Then he began to denounce the cities where most of his mighty works had been done, because they did not repent. “Woe to you, Chorazin! Woe to you, Bethsaida! For if the mighty works done in you had been done in Tyre and Sidon, they would have repented long ago in sackcloth and ashes. But I tell you, it will be more bearable on the day of judgment for Tyre and Sidon than for you. And you, Capernaum, will you be exalted to heaven? You will be brought down to Hades. For if the mighty works done in you had been done in Sodom, it would have remained until this day. But I tell you that it will be more tolerable on the day of judgment for the land of Sodom than for you.”
Understanding And Applying the Text
It is interesting to place this passage in context. Jesus is sending his disciples out to various parts of Judea. They were to proclaim the kingdom of God was at hand. Then Jesus started reflecting on the ingratitude of the cities where he had preached. This also comes on the heels of Jesus’ answer to John the Baptist’s disciples asked. “Was Jesus was the messiah?” If you recall. Jesus did not answer with a yes or no. He answered with evidence. This blind received their sight. The lame walked. The deaf heard. The lepers were cleansed. The dead were raised. And the poor had the good news preached to them.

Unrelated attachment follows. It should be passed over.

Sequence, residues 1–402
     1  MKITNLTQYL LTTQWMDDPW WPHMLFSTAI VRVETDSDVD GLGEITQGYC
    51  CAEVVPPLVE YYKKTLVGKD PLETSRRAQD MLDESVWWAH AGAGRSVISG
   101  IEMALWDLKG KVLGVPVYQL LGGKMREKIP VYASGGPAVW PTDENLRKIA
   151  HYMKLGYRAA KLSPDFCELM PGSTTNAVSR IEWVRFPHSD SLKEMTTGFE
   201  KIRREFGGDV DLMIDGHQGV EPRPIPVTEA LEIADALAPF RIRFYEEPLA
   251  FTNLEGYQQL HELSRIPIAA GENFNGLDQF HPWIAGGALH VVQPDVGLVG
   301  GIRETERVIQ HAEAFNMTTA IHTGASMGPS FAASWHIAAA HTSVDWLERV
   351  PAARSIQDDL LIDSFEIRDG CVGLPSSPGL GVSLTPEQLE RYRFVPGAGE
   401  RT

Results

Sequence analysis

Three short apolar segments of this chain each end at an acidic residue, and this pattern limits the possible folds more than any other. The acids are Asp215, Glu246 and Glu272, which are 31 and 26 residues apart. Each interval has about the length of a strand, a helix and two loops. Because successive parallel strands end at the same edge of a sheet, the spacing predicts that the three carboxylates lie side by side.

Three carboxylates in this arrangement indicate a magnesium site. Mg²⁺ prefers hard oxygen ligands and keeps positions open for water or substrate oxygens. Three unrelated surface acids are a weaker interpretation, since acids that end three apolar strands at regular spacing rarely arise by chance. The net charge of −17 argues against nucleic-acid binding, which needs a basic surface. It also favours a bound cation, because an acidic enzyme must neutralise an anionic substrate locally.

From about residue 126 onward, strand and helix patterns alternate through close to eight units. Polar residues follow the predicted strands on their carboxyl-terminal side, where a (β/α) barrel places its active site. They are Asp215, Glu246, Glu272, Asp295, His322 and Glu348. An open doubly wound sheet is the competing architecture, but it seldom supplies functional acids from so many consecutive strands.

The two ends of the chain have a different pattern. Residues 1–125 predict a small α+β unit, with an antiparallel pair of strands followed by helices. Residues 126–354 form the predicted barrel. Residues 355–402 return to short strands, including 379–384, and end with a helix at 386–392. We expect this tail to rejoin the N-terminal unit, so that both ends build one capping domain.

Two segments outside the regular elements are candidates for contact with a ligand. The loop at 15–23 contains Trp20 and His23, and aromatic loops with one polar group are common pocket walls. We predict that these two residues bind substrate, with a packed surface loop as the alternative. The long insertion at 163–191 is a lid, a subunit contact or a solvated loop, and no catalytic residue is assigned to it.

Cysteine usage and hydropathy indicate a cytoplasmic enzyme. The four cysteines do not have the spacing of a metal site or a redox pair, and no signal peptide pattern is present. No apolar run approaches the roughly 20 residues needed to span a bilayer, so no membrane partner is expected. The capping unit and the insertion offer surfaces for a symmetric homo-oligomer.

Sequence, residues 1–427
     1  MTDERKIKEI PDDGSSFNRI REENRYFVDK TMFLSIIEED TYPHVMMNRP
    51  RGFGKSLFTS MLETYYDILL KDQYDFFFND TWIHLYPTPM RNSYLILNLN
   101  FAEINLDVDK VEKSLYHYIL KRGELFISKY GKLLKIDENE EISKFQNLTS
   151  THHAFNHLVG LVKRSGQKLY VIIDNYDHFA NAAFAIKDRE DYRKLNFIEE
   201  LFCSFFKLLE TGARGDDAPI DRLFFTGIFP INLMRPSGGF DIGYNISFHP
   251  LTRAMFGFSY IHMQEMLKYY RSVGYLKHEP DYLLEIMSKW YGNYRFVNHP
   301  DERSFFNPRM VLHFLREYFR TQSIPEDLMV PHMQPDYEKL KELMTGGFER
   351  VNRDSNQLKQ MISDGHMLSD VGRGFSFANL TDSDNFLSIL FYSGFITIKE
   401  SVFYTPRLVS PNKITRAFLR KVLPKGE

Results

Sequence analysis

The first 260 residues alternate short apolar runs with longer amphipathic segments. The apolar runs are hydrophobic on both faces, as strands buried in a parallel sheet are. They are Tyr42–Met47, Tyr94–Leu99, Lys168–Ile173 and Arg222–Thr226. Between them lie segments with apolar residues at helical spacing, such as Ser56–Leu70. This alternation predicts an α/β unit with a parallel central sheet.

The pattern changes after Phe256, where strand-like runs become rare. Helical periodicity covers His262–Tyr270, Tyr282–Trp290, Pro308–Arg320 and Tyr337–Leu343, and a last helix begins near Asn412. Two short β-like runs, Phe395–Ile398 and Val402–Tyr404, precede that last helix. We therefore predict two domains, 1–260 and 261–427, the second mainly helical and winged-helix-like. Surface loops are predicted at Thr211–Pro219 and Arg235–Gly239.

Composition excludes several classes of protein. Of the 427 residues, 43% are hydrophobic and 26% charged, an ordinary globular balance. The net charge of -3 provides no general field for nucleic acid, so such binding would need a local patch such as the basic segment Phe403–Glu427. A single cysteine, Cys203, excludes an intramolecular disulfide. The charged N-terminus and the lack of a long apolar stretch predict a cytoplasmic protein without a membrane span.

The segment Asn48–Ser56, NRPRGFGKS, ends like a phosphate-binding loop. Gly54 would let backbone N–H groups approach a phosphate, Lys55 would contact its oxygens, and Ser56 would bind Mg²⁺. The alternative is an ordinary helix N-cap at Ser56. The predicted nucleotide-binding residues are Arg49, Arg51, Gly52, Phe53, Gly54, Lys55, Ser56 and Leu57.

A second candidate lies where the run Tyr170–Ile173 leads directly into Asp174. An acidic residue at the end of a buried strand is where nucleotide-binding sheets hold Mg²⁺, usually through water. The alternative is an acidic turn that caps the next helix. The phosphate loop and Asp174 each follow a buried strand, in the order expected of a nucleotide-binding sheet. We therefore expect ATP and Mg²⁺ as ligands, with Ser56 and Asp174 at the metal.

All this evidence happened in the cities Jesus denounced. They saw the lame walk, the blind see. They saw the dead raised. They heard the good news. They were eyewitnesses to it all. Yet they did not believe.
They had the proof. But they refused to believe. They refused to repent.
Notice the seriousness of unbelief. The first comparison is Tyre and Sidon. At that time the Jews abhorred them. They were ungodly and proud. They lived lives of debauchery and other vices. Every Jew looked at them with disdain. The Jews considered them abominations and despisers of God.
Jesus compared the citizens of Bethsaida with the inhabitants of Tyre and Sidon. You can imagine the rage the citizens felt.
Tyre and Sidon were the most wretched of places. If Christ had done his works there, they would have repented. But would Bethsaida repent? No! But Tyer and Sidon would have repented in sackcloth and ashes. But Bethsaida considered themselves godly. They had no need to repent. But the worst of the worst will receive less judgment than Bethsaida.
Christ then moves on to Capernaum. Capernaum was Jesus’ hometown. They saw God’s Son in the flesh more than any other group. Did they repent? Did they believe? No! But if Sodom had seen the Son of God. They would have believed. They would have repented, but not Capernaum.
Sodom, the city we sight as the ultimate in debauchery, will receive less punishment than Capernaum.
That is how serious the sin of unbelief is. We tend to point to other people’s sins and think how bad they are. But do we believe Christ? Do we trust God? Do we only believe in God rather than believing God?